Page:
It has been a year since we launched the original Franklin Street LFL to share a love of reading with our neighbourhood. On this anniversary, it is time to share more details about the history of the LFL movement and take time to recap the exciting experiences since launching the first LFL in Henderson Survey.
The LFL initiative was started in 2009 by Todd Bol in Hudson, Wi. He built a one room schoolhouse LFL as a tribute to his mother, a former school teacher, who loved reading. His neighbors and friends loved it so he built several more to give away. When Rick Brooks saw Bol’s do-it-yourself project he used his skills as a youth and community development educator with a background in social marketing to help grow the LFL movement. The original goal was to encourage the building of 2509 LFLs which has been well surpassed with the current estimate of over 40,000 registered LFLs across 70 countries. The initiative hopes to surpass 100,000 in 2017. Each library is tracked on a world wide map
Bol was inspired and set his goal of 2509 LFLs based on the number of libraries that were supported by Andrew Carnegie in the early 1900s. Of the 2509, 125 of these libraries were built in Canada including the original Brantford Public in Brantford which opened in 1904 with a donation of $30,000 from Carnegie. This industrialist emigrated from Scotland working as a telegraph messenger boy and learning management and investments working for the railroads before building a steel empire. During this time, he was a constant borrower of a private library and he wrote an article including his dictum to:
- To spend the first third of one’s life getting all the education one can.
- To spend the next third making all the money one can.
- To spend the last third giving it all away for worthwhile causes.
He was true to his word and donated $350 million to charities, foundations, and universities during last 18 years of his life.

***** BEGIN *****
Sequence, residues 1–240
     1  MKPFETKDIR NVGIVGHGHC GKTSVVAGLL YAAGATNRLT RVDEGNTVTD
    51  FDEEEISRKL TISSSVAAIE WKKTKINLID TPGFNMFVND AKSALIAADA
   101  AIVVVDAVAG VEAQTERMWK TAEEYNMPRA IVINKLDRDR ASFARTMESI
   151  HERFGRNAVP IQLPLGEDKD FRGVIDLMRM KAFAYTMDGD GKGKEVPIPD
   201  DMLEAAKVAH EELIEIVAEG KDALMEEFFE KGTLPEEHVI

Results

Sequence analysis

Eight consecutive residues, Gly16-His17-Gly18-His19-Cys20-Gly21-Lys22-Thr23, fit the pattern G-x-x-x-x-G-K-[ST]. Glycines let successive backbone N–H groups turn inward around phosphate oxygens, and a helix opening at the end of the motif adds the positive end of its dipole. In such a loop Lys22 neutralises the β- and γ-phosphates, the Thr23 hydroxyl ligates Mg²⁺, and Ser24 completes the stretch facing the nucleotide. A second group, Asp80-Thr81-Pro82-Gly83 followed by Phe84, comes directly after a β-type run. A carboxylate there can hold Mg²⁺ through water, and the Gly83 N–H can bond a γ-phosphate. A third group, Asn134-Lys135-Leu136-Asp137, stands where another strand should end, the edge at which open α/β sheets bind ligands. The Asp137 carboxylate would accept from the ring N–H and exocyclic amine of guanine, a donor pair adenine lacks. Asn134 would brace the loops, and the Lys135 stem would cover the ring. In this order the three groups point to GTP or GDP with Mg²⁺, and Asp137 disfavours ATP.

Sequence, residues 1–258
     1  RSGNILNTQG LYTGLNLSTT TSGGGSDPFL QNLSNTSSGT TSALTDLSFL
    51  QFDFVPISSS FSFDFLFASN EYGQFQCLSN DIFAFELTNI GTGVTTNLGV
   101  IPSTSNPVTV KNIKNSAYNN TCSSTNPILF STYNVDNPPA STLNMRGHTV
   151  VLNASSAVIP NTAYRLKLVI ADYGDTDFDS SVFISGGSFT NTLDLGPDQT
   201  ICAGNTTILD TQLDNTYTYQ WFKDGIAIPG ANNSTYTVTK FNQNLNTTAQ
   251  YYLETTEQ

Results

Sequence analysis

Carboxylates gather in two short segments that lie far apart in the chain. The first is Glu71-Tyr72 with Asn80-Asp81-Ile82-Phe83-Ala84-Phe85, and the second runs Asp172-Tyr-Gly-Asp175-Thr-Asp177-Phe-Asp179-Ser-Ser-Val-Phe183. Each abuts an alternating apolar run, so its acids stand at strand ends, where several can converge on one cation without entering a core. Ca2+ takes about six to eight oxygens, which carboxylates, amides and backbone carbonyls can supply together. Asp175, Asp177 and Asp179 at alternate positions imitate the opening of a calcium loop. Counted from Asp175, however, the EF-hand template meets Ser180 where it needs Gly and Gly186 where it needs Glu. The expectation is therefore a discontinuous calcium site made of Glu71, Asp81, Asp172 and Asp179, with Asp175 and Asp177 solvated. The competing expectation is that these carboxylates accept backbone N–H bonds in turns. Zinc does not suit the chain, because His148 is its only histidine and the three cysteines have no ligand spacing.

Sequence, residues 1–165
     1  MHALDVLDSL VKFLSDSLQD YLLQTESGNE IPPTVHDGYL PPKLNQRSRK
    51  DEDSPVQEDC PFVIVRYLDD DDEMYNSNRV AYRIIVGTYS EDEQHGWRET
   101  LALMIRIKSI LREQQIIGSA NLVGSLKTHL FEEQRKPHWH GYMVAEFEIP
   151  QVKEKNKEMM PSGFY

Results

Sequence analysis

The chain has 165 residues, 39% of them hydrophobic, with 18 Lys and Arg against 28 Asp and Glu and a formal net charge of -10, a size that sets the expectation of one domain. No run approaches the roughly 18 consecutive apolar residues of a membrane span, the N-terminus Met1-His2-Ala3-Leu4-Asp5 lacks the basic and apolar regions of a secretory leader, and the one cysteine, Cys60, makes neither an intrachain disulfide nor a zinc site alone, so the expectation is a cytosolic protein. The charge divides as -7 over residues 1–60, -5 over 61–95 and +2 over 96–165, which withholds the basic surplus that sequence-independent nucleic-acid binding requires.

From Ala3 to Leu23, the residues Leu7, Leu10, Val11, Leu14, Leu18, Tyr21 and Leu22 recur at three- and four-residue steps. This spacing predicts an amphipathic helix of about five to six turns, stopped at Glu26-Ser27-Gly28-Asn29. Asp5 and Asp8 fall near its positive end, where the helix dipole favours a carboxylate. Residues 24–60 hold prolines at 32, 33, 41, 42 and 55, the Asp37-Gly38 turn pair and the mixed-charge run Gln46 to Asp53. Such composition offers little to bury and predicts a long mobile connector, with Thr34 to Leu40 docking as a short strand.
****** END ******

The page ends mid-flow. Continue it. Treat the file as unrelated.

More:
A second inspiration for LFLs was Lutie Stearns. She shared her love of reading by travelling with a library to lumber camps, farming communities and industrial centres. She was an advocate for reading and women’s rights despite a devastating stutter and has been known as the “patron saint of libraries”.
When we first launched we were pleased to be featured in an article by the Brantford Expositor and a photo opportunity in the Brant News which helped promote our LFL. This publicity inspired questions by community members and led to several presentations on our experience of stewarding a LFL. From one of the presentations, it was very exciting when the grade 8 class at Braemar School built 2 LFLs – one to mount in front of the school to share books with the Grand Woodlands neighbourhood and one to donate to the Montessori School in Paris!
Probably the most exciting experience of the year was my interview on the CBC’s Candy
Palmater show when I got to speak of my love of reading, my blog and the LFL. From that show, I have had questions about building LFLs from as far as Regina! It was so much fun to make the trip into Toronto and have a conversation with Palmater who shares my love of reading!
My family has enjoyed sharing books that we love with our neighbourhood and checking the library each day to see what has been exchanged. We have appreciated generous donations and wonderful notes in our comment book. We hope that our experience will inspire others to join the LFL movement and share a love of reading.
Special thanks to my dad who not only built our wonderful LFL last July but when it proved to be so popular, built our second LFL. It is fantastic to have one dedicated to children’s books and the larger one filled with books for adults (including a shelf dedicated to Canadian authors). Thanks also to my mom who along with my Grandma Davison helped to grow my love of reading by reading to me and by making many trips to the library! Thanks also for the support of family, friends and those who are enjoying the library and donating books. It has been a fun first year and we look forward to continuing to share our love of reading and hope to see more LFLs popping up in the neighbourhood, in Brantford and across Canada!